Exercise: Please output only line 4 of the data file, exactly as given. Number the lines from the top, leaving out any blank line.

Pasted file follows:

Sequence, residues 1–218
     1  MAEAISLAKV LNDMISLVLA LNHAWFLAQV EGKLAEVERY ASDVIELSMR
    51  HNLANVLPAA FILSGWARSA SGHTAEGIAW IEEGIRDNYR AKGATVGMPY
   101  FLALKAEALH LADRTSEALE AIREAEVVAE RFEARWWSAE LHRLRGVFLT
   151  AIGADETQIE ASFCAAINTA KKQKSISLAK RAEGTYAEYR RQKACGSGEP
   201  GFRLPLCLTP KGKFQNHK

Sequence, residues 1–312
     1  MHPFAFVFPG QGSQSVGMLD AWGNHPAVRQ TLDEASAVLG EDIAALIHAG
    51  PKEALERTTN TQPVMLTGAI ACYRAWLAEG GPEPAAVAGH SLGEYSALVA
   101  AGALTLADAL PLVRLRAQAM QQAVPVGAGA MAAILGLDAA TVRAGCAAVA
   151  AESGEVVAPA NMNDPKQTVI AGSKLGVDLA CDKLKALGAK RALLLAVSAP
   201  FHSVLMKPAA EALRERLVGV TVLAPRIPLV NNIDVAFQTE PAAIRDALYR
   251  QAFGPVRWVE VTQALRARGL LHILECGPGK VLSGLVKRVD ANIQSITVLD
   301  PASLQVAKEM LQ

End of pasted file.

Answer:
   101  FLALKAEALH LADRTSEALE AIREAEVVAE RFEARWWSAE LHRLRGVFLT